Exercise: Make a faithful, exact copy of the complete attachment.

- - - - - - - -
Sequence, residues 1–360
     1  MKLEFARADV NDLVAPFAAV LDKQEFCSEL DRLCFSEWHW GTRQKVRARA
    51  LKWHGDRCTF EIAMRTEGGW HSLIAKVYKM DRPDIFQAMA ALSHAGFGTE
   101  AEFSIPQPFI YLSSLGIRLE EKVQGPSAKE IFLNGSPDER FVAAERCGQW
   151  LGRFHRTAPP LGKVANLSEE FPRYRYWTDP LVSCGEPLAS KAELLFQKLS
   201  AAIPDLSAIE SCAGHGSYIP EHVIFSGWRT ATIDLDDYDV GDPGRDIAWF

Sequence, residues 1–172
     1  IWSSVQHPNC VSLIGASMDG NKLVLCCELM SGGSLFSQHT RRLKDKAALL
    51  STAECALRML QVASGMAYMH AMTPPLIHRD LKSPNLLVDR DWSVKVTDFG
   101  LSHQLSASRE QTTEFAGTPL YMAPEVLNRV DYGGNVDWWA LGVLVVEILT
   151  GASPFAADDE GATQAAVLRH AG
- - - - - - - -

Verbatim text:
Sequence, residues 1–360
     1  MKLEFARADV NDLVAPFAAV LDKQEFCSEL DRLCFSEWHW GTRQKVRARA
    51  LKWHGDRCTF EIAMRTEGGW HSLIAKVYKM DRPDIFQAMA ALSHAGFGTE
   101  AEFSIPQPFI YLSSLGIRLE EKVQGPSAKE IFLNGSPDER FVAAERCGQW
   151  LGRFHRTAPP LGKVANLSEE FPRYRYWTDP LVSCGEPLAS KAELLFQKLS
   201  AAIPDLSAIE SCAGHGSYIP EHVIFSGWRT ATIDLDDYDV GDPGRDIAWF

Sequence, residues 1–172
     1  IWSSVQHPNC VSLIGASMDG NKLVLCCELM SGGSLFSQHT RRLKDKAALL
    51  STAECALRML QVASGMAYMH AMTPPLIHRD LKSPNLLVDR DWSVKVTDFG
   101  LSHQLSASRE QTTEFAGTPL YMAPEVLNRV DYGGNVDWWA LGVLVVEILT
   151  GASPFAADDE GATQAAVLRH AG